What happens when 2 Macs become 2 Macs, 4 Kokanee? | TahoeDailyTribune.com

What happens when 2 Macs become 2 Macs, 4 Kokanee?

Doug Busey

Hello, fellow anglers.

The days are getting shorter and the fishing is getting better. Soon I’ll be writing about ice fishing – no! Sorry, I won’t get that far ahead of myself. Use caution on the roads during this Labor Day weekend, there will be a lot of people venturing out. Being the last, big holiday weekend of the summer, I don’t think the astronomical gas prices will keep most of us at home.

So far, I have not received a photo of one of the big fish that was released into Sawmill Pond last month. They are either still there or we have some camera-shy lil’ anglers.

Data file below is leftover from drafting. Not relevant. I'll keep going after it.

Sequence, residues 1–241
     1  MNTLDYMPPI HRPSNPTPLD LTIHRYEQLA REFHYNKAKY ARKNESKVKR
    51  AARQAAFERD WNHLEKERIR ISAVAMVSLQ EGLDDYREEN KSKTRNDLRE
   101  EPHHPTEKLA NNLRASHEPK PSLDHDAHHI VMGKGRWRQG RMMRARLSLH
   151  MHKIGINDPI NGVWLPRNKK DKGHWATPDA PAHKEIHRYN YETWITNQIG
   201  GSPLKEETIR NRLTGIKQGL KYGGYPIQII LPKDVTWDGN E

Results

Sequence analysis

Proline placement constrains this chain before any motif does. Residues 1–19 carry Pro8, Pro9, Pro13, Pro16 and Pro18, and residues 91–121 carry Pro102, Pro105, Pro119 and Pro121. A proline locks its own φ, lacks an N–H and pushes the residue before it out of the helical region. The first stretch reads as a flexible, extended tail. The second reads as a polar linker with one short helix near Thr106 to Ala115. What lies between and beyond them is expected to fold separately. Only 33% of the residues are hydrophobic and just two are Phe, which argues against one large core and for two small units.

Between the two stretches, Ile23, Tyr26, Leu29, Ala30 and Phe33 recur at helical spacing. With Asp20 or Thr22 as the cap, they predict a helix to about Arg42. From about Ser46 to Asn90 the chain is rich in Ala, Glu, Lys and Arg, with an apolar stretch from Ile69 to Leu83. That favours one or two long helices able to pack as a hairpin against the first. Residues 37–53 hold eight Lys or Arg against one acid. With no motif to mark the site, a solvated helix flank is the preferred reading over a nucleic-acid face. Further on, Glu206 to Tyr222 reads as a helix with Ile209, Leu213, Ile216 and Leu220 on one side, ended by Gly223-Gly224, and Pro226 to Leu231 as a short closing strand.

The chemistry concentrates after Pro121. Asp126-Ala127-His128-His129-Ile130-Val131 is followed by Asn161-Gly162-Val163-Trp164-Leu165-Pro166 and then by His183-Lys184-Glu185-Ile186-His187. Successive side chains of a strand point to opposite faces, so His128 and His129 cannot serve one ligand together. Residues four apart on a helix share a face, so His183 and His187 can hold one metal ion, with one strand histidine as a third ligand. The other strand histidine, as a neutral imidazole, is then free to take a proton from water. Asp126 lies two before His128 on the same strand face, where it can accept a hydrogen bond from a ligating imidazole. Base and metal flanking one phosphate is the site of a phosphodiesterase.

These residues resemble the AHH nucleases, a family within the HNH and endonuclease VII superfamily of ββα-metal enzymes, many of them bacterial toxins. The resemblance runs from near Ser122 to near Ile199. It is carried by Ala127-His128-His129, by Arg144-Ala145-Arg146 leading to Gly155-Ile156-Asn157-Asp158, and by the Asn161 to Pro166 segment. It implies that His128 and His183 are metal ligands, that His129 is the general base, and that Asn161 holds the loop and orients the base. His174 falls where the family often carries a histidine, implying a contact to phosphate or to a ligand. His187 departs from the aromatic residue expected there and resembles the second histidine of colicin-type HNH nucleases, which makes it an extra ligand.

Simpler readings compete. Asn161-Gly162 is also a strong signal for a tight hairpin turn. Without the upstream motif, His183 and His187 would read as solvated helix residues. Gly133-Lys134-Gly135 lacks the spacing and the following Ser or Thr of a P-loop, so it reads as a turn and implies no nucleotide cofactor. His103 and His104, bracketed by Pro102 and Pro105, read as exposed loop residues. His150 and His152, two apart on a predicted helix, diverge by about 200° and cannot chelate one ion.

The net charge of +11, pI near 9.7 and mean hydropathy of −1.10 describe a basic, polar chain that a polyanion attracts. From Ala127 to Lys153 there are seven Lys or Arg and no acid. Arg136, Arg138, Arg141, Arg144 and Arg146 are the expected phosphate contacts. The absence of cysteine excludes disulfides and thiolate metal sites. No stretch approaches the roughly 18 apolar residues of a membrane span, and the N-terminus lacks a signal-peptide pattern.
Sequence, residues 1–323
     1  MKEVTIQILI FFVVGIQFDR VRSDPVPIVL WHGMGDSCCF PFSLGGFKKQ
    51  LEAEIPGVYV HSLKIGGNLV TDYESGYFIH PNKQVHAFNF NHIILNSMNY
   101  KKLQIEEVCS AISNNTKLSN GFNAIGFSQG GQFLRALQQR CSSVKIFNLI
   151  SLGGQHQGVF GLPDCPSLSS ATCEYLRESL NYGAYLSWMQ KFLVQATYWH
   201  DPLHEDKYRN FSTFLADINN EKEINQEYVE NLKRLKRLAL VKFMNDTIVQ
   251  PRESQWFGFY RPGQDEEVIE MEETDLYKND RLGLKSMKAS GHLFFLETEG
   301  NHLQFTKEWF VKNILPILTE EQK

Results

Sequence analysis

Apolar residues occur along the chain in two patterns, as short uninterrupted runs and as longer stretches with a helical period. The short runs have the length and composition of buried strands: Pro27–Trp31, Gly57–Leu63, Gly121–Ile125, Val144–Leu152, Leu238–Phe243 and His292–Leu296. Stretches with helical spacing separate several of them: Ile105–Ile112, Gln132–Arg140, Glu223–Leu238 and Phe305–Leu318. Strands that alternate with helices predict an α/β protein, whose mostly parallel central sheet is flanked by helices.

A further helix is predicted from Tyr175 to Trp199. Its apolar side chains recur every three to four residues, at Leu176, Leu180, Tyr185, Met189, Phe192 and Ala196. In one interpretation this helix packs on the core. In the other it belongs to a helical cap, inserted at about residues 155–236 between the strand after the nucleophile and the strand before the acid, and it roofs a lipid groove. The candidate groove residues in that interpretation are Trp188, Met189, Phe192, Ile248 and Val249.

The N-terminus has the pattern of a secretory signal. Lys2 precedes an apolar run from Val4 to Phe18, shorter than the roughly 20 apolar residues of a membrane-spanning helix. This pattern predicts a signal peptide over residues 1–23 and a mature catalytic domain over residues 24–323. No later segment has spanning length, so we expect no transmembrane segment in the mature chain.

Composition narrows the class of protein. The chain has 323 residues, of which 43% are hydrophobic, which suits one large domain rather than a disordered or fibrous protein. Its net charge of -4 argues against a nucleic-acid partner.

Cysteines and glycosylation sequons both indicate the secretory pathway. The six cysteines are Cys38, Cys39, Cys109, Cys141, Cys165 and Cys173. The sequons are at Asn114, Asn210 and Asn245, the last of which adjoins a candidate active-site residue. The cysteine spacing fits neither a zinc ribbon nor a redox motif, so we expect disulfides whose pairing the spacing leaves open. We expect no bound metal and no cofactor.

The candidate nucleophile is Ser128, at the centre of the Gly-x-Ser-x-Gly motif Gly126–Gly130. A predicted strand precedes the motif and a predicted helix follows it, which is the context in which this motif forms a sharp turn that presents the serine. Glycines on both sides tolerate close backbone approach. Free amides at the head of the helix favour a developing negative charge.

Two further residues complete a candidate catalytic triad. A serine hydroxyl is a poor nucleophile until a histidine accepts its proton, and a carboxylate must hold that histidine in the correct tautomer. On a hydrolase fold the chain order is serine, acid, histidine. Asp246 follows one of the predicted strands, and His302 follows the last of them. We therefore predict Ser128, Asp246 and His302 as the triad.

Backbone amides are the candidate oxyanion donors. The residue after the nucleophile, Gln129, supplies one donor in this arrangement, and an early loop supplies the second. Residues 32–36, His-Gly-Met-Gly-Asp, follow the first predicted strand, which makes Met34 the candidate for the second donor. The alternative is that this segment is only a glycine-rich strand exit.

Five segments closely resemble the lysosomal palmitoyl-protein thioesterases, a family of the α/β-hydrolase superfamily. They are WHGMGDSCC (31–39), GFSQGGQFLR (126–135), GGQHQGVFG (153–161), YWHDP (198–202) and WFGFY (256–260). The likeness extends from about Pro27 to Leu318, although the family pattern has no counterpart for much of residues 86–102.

Before proceeding to the report, let’s see how you did with the last week’s trivia question. If you are fishing on Tahoe and catch two large Mackinaw, but by the time you get to shore and look in your fish well, there are four extra Kokanee. Are you over your limit?

In speaking with the California Department of Fish and Game, yes, technically you are. But most game wardens can tell if the Kokanee salmon were actually regurgitated from the Mackinaw trout. And they would understand that you were not taking more than your limit. But as I was told, they cannot speak for all of their officers. Actually, this is a true story, except that he was not approached by an officer.

Local fishing conditions are: